American venture capital firm Andreessen Horowitz sees potential in the play-to-earn gaming business model, in which players earn cryptocurrency rewards for playing games—such as the surging Axie Infinity. That’s why the firm announced today that it has led an investment round in Yield Guild Games, a rising Filipino startup focused on play-to-earn business models.
Beyond Andreessen, the $4.6 million investment round also included participation by Kingsway Capital, Infinity Ventures Crypto, Atelier Ventures, and Gabriel Leydon, co-founder and former CEO of mobile game developer, MZ. The round, which was finalized in July, follows a previous $4 million Series A round announced in June, which was led by esports and gaming-centric VC firm, BITKRAFT Ventures.
Yield Guild Games’ largest focus to date has been Axie Infinity, the -powered monster-battling game that has facilitated more than $1.3 billion in trading volume for in-game items to date—most of it within the last couple months. The startup is one of the leading purveyors of the in-demand “Axie scholarship,” a profit-sharing model that has onboarded more users into the game and likely helped fuel its recent rise in popularity.
Today, we are thrilled to announce we’ve led a round in @YieldGuild. YGG is at the center of the play to earn movement and building an incredibly powerful community. Why are we excited? More below https://t.co/xUTAjCI8Iv
— Arianna Simpson (@AriannaSimpson) August 19, 2021
An NFT acts like a deed of ownership to a digital item, whether it’s an image, video file, or something else made provably scarce via blockchain networks like Ethereum. With Axie Infinity and other crypto games, interactive items like characters, weapons, and gear can be bought and sold as NFTs, and used to earn crypto rewards that have real value.
Axie Infinity players need three NFT monsters to start, but they are expensive: each sells for about $200-300 worth of ETH on the low end, thus requiring a significant upfront investment. As an alternative, Yield Guild Games and other firms loan Axie NFTs to users. Players keep the lion’s share of the SLP tokens earned in the game, which can then be exchanged for cryptocurrency, while the NFT owner and a manager take a smaller cut of the profits.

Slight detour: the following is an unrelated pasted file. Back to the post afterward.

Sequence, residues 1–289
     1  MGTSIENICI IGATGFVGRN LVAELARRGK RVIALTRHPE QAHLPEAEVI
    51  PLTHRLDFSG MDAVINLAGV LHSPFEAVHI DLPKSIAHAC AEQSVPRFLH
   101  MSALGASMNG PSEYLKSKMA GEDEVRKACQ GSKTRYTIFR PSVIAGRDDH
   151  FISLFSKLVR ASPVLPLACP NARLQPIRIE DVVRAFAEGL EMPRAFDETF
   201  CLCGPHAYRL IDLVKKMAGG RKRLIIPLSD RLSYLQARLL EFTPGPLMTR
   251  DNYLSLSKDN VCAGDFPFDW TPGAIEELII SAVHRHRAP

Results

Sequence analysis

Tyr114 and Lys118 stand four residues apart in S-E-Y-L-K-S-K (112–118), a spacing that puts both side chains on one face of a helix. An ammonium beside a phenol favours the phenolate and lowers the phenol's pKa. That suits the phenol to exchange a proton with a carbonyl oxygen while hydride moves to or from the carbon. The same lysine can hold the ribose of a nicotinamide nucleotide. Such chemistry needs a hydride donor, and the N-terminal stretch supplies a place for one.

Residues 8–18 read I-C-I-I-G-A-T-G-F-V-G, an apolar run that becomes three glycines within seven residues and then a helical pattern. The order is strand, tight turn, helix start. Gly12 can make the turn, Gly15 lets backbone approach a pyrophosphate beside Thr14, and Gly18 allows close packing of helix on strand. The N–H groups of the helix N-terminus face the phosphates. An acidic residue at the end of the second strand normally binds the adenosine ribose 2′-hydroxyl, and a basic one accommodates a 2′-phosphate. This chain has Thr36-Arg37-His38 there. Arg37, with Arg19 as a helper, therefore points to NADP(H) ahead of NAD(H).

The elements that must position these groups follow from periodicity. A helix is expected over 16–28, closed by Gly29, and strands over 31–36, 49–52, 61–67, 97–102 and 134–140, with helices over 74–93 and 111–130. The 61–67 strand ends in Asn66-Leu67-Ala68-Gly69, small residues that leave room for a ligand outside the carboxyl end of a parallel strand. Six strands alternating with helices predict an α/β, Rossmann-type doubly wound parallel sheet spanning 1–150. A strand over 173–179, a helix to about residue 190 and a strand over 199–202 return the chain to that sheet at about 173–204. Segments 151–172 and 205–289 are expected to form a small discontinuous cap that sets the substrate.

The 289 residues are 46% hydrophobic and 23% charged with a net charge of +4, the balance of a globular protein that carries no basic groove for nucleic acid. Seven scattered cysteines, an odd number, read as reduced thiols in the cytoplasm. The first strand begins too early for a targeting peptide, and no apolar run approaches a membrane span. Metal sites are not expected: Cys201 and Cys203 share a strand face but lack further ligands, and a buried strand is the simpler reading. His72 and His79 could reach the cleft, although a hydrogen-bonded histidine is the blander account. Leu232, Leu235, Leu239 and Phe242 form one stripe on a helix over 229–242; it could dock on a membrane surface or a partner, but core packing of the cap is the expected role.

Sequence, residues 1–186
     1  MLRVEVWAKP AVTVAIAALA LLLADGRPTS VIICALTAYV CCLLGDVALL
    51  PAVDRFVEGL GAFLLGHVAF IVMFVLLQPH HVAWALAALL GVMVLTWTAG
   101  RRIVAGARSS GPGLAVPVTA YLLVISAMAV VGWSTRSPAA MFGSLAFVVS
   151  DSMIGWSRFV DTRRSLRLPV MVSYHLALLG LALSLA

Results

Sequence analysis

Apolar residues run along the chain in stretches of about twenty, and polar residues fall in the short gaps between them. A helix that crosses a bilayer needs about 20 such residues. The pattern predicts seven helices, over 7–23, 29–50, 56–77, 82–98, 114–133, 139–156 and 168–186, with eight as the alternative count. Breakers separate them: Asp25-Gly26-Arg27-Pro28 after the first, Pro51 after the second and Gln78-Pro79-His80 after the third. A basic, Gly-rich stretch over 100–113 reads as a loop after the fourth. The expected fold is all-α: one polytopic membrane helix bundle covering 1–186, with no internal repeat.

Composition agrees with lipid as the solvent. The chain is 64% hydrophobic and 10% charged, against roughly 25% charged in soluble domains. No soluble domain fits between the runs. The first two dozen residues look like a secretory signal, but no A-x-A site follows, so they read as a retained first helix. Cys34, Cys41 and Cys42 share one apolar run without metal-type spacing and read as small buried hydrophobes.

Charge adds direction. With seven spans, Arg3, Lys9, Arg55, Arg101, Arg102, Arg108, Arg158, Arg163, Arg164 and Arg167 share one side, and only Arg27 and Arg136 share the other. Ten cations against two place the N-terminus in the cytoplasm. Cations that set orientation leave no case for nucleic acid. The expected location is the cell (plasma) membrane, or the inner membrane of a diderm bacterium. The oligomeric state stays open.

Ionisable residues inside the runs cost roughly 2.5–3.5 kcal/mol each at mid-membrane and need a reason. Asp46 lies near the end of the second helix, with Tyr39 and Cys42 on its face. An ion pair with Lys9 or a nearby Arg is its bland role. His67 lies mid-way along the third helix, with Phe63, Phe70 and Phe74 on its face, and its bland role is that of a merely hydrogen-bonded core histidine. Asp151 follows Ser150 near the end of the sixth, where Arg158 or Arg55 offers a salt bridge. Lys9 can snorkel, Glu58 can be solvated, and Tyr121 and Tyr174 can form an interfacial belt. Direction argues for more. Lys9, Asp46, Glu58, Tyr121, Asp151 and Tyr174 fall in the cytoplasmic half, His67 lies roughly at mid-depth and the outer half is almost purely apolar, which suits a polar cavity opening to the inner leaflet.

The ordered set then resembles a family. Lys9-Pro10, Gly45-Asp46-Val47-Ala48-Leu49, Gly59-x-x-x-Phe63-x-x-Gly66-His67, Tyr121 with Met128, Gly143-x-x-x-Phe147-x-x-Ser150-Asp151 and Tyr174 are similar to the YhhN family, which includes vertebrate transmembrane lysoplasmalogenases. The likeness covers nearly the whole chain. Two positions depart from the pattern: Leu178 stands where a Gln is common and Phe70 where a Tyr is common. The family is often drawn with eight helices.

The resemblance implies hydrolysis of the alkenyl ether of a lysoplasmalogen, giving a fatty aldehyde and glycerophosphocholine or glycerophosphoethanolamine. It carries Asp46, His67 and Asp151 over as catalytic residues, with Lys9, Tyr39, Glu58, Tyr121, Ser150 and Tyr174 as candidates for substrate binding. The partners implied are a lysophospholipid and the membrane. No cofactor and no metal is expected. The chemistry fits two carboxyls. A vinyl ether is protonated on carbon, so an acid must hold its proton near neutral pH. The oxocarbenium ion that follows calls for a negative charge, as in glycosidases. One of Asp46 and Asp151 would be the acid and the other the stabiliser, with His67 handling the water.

It’s a model credited with generating liveable income for players in developing countries, as explored in the recent documentary short Play-to-Earn, which Yield Guild co-funded. Earlier this month, cryptocurrency exchange FTX announced that it sponsored 137 new Axie scholars in Yield Guild’s program in countries such as the Philippines, Indonesia, and India. As of today’s funding announcement, Yield Guild has 4,700 players in its Axie program, and they have earned a collective $8.6 million worth of in-game rewards to date.
“Right now there is a largely untapped economic opportunity in emerging markets to provide jobs by building a virtual economy in the digital world,” wrote Arianna Simpson, General Partner at Andreessen Horowitz, in a post. “The way we define a ‘job’ is quickly evolving because of crypto and gaming, and we think we’re just starting to glimpse what’s possible in this realm.”
Axie Infinity surged to popularity this summer after developer Sky Mavis launched Ronin, a sidechain that minimizes the impact of Ethereum’s transaction fees and times. The game has amassed more than one million daily active users, as of this month, and has seen ample NFT trading volume of late. On top of that, Axie’s native AXS governance token has skyrocketed in value, reaching a new all-time high above $80 this week after Coinbase’s recent listing. It was worth just $0.59 at the start of 2021, according to data from CoinGecko.
On top of $9.9 million raised from three investment rounds this year—including $1.3 million in March—Yield Guild Games also raised $12.5 million in a July token sale that sold out in just 31 seconds. The firm is also exploring play-to-earn models in other games besides Axie Infinity, and has invested in NFT assets for upcoming Ethereum-based games like The Sandbox and Guild of Guardians.
News Source from Decrypt.co